Ramses II was not of royal descent – his grandfather, Ramses I managed to ascend to the throne thanks to his military prowess – prowess inherited by his son, Seti I, and grandson, Ramses II. Ramses II, like his father before him, not only wanted to secure the kingdom’s borders, but expand them, making their foreign policy somewhat imperialistic. Ramses II led many military campaigns North, against the Hittites and Libyans.


Ramses II’s most famous battle is probably that of Kadesh, against the Hittites. Recounted in many murals, Ramses II portrayed himself as the victor of the battle, embellishing the truth: the battle’s outcome was, in fact, more of a draw. This exemplifies one of Ramses’ main strengths, he was a great propagandist, and built many impressive temples and monuments that glorified him – the Abu Simbel temples, and Ramesseum in Luxor, to name a few. He was also in the habit of inscribing his name on monuments that had been built before his time, ensuring he be remembered, up until today. But such huge building enterprises also attest of the kingdom’s wealth at the time. Ramses was therefore not just a good advertiser, but continued the task his father had started: leading Egypt into an era of renewed greatness and prosperity.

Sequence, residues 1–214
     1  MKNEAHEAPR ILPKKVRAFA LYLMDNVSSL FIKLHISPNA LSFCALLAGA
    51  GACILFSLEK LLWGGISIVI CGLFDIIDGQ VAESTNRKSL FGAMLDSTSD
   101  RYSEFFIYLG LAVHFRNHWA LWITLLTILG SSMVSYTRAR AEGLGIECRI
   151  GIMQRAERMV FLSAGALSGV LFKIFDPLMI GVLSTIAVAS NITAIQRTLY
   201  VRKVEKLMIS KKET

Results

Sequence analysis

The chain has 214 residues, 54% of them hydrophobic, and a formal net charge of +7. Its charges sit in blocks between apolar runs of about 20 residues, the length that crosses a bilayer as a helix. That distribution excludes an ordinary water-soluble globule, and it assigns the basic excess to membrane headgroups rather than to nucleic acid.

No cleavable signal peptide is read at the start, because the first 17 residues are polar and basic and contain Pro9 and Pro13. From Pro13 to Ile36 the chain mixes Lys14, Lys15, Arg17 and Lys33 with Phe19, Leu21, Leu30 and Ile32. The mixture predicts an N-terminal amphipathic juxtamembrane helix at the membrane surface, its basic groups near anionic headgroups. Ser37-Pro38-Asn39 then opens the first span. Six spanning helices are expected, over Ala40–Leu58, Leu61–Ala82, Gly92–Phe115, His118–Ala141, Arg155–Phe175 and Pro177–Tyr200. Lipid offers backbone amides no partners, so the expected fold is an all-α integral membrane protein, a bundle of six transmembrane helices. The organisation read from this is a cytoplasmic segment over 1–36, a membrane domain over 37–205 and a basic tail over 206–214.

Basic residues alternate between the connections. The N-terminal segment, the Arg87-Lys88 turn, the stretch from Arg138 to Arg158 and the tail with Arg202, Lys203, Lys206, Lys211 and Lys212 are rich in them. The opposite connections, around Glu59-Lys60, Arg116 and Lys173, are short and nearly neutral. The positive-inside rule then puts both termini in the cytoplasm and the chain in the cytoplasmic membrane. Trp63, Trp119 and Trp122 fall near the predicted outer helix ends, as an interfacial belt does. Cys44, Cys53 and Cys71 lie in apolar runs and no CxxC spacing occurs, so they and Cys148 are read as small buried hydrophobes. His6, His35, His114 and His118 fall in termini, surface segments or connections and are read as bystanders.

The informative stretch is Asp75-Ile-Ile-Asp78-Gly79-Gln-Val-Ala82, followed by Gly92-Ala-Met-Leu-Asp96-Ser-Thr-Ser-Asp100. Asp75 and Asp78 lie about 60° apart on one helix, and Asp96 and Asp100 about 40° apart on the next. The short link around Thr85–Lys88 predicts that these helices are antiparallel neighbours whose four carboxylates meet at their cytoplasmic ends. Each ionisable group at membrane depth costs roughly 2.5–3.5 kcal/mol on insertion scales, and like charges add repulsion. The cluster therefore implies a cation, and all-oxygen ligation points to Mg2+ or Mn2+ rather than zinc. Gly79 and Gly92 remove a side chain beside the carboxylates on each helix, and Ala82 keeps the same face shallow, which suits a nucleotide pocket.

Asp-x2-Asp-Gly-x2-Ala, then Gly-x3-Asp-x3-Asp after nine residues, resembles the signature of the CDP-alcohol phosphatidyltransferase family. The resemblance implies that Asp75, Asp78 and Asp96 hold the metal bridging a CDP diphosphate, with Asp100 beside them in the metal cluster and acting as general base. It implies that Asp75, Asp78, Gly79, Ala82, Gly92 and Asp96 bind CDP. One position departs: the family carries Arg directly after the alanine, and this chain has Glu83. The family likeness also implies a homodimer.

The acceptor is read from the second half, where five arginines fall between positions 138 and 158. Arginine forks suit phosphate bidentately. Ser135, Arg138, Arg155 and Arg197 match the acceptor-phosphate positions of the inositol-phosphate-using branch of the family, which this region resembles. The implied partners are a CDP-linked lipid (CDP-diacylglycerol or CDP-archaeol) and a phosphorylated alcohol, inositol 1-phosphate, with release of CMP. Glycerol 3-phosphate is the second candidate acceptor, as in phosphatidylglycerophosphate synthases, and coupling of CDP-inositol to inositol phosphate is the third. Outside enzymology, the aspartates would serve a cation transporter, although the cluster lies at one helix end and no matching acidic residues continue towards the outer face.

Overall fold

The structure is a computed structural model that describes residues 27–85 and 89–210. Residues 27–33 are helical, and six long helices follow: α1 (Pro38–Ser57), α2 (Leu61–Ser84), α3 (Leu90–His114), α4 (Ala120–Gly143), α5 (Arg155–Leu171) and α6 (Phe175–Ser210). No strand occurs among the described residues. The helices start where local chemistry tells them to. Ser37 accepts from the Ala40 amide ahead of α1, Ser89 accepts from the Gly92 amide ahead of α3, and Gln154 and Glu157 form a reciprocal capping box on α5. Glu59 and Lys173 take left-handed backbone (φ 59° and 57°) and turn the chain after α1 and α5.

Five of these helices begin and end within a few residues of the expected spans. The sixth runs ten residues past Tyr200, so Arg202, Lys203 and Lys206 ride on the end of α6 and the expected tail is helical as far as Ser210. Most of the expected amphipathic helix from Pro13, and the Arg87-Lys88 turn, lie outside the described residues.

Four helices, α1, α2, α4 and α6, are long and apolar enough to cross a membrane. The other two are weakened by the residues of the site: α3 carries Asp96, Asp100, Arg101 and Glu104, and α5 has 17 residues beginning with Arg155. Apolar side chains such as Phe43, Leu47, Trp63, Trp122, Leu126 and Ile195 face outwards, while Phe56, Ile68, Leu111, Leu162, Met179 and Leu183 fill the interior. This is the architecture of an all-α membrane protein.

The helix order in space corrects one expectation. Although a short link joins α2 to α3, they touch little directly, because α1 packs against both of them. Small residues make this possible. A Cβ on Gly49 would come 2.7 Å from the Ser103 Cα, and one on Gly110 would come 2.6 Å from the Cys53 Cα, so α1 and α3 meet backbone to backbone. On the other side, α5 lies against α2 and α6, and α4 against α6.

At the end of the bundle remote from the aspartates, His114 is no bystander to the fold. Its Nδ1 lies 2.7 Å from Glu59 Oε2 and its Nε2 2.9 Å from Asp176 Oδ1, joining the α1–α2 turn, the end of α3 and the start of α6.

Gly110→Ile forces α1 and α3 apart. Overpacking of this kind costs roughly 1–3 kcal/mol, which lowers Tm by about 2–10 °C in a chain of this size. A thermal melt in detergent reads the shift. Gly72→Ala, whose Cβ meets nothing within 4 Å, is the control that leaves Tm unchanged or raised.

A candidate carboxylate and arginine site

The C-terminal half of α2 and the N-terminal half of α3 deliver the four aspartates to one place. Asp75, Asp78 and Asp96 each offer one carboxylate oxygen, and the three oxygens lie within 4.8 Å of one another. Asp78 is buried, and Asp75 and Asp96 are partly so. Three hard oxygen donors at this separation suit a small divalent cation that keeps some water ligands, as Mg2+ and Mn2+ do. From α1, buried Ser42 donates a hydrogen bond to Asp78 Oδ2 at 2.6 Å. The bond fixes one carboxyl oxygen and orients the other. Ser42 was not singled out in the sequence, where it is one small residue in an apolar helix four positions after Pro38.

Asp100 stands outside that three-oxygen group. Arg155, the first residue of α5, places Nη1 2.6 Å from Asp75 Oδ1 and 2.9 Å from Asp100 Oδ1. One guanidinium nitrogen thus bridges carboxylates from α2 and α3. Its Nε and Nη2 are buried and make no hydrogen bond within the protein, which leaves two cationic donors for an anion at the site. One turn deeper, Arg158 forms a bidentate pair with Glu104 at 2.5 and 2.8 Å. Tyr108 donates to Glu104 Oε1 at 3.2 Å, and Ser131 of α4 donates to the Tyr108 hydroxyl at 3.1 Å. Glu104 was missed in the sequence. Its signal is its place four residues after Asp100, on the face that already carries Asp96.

Coming back to the battle of Kadesh, its true outcome is far more impressive than the one advanced by Ramses II: it resulted in the first recorded peace treaty in history. The peace between the two nations was also to be strengthened by Ramses II marrying a Hittite princess. She became one of the pharaoh’s royal wives, amongst a dozen others, including the famous and most beloved by the king, Nefertari. These, along with Ramses II’s many concubines resulted in his fathering over 120 children, many of which he outlived. Indeed, Ramses II died at the age of 90, after 66 years on the throne, making his rule the second longest in Ancient Egyptian history.

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